What is shoulder dystocia during labor and birth?

Paula Greer
Midwifery Nursing

Shoulder dystocia means that the baby’s head passes out of the birth canal and delivers but the shoulder of the baby gets stuck under the pubic bone. This is a medical emergency and requires special maneuvers to help the shoulder be able to come under the bone to safely deliver the baby. Certain conditions like diabetes and large babies may put the patient at risk for having a shoulder dystocia complicate their delivery. If you have a history or a previous shoulder dystocia with one of your births make sure to share this with your health care provider.

Shoulder dystocia occurs when the head emerges through the vagina, but the anterior shoulder of the infant cannot pass below the pubic symphysis, or requires significant manipulation to pass below the pubic symphysis. It is diagnosed when the shoulders fail to deliver shortly after the fetal head. There are some risk factors for shoulder dystocia, specifically related to fetal size and maternal pelvic opening size, however most cases of shoulder dystocia are discovered in the delivery room when the baby gets stuck. Shoulder dystocia is an obstetrical emergency, and creates risk for both mother and baby.

Charla Simon
OBGYN (Obstetrics & Gynecology)

Shoulder dystocia refers to when an infant's head delivers over the maternal perineum (spontaneously or assisted with vacuum or forceps) and then delivery of the anterior shoulder is difficult (or rarely impossible). The common reasons for this condition are excessive weight gain during pregnancy and maternal diabetes both of which can contribute to a large newborn. Other factors associated with should dystocia are multi-parity and advanced maternal age. 

There are many maneuvers available to assist the delivering obstetrician or midwife with the delivery and fortunately most of these episodes are brief and do not cause injury to the baby, however the longer it takes and the more maneuvers required the greater the risk of neurological injury and/or hypoxia to the neonate. 

In a small number of births (less than one in every one hundred), the baby's head is delivered but the shoulder gets stuck and the body does not come out quickly. This is called shoulder dystocia. It is an emergency situation because the baby can be deprived of oxygen, which, if the deprivation lasts for several minutes or more, can cause brain damage. Shoulder dystocia is more common when the baby is very big at birth (around ten pounds or more), but it can happen to smaller babies as well. It is also more common when the mother has diabetes during pregnancy. Babies born to women who have diabetes can be larger than average, and they tend to have bigger shoulders that are more likely to get stuck in the birth canal.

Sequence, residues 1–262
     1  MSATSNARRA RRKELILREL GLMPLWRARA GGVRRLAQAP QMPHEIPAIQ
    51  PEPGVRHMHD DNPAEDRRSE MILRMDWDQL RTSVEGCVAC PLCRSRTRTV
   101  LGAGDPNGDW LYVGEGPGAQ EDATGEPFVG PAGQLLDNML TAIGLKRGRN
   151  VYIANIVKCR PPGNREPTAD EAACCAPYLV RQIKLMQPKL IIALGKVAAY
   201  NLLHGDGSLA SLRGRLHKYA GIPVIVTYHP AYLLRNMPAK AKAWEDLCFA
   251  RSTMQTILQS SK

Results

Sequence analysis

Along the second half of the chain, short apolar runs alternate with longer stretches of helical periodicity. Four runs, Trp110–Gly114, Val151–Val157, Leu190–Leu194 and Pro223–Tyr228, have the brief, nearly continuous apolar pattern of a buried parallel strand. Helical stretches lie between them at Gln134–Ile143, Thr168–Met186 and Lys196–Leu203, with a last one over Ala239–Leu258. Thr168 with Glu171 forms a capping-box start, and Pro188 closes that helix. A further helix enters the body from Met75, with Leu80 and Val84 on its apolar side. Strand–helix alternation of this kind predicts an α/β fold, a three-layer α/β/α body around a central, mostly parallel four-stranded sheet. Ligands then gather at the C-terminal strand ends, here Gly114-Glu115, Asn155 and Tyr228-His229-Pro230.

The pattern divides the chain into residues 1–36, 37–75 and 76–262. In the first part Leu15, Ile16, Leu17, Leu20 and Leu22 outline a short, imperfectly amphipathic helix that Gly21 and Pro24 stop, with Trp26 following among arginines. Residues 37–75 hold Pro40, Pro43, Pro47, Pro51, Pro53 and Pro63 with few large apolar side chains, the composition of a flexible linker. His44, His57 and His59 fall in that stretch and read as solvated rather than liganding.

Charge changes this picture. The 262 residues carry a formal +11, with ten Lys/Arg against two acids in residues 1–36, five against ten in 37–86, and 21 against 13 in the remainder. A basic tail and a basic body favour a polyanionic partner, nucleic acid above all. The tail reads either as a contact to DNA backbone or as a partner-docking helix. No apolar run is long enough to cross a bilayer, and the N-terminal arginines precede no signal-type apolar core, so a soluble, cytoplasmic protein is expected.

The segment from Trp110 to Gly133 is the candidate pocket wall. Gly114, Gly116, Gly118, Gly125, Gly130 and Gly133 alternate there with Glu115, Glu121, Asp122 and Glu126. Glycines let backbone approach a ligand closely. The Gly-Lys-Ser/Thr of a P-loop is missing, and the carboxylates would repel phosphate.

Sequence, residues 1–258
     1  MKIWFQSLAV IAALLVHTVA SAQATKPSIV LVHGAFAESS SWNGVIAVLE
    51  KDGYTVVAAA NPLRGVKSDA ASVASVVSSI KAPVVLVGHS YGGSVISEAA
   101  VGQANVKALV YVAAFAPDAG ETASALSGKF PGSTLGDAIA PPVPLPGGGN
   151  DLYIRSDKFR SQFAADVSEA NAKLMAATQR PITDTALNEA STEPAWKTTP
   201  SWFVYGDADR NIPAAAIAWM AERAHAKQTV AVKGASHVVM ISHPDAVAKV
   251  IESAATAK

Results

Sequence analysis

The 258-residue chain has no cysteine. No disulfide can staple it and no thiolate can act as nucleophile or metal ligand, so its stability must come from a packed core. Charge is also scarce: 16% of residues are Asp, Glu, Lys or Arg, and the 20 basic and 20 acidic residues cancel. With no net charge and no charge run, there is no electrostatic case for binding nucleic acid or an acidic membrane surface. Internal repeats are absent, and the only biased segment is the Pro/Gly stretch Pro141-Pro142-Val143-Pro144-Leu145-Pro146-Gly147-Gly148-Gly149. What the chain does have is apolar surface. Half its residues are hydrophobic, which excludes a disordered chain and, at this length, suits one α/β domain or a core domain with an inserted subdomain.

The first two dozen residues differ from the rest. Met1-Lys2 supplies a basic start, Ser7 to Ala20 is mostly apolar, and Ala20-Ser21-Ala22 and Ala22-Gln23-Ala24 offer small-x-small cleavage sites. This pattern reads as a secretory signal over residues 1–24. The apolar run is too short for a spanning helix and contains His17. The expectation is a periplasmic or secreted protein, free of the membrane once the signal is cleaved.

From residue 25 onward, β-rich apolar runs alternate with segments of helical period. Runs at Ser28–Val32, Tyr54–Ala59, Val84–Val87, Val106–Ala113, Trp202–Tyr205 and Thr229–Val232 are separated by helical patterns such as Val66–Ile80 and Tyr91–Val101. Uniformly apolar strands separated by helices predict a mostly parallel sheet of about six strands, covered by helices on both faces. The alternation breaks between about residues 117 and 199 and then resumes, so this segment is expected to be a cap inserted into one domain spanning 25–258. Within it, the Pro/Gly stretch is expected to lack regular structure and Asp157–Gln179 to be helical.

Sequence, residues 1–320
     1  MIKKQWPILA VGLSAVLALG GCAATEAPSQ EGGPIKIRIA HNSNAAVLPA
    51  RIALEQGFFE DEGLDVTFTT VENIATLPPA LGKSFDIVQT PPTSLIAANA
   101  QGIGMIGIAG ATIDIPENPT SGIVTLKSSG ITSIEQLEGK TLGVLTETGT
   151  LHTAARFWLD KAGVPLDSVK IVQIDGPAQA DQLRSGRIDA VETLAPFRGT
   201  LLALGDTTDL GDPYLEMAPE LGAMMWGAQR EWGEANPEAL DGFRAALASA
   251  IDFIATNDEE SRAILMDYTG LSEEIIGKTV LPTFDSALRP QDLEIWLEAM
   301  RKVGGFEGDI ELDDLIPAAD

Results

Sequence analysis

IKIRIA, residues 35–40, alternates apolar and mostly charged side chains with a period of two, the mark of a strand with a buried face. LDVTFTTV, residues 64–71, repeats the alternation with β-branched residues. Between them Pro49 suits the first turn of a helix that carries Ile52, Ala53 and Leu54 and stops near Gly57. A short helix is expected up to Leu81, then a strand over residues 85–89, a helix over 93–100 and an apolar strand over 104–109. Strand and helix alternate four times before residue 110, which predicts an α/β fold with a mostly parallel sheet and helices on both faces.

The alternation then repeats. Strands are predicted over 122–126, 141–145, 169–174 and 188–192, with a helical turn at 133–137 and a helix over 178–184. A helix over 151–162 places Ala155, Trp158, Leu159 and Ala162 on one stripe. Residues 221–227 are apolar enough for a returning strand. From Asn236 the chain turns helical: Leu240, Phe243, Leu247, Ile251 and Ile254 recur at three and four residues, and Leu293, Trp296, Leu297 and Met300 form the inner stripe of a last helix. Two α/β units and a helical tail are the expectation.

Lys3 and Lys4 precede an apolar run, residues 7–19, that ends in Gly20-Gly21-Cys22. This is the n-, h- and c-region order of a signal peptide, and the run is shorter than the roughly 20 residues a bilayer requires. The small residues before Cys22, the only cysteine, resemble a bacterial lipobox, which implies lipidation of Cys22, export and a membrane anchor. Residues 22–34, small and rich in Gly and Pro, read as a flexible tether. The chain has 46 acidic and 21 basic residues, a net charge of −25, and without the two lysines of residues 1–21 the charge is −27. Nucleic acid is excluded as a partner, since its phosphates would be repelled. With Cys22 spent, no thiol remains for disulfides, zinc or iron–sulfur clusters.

A health care provider will try to get the shoulder free through various maneuvers, including flexing the mother's thighs up against her abdomen, pressing on her abdomen just above the pubic bone, asking her to get into all fours position, delivering a posterior arm before the stuck shoulder, or trying to rotate the shoulder manually so it slips under the pubic bone. In some cases, shoulder dystocia is associated with broken bones and nerve damage in the arm. Most of the time, the arm will heal well and the baby will not have any problem. In rare instances, the baby can suffer long-term damage to the nerves in the arm. This injury can also occur in babies born by cesarean section, with and without labor. Shoulder dystocia is unpredictable, and there is no good strategy for preventing the associated complications.

Our Bodies, Ourselves: Pregnancy and Birth

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Our Bodies, Ourselves: Pregnancy and Birth


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Important: This content reflects information from various individuals and organizations and may offer alternative or opposing points of view. It should not be used for medical advice, diagnosis or treatment. As always, you should consult with your healthcare provider about your specific health needs.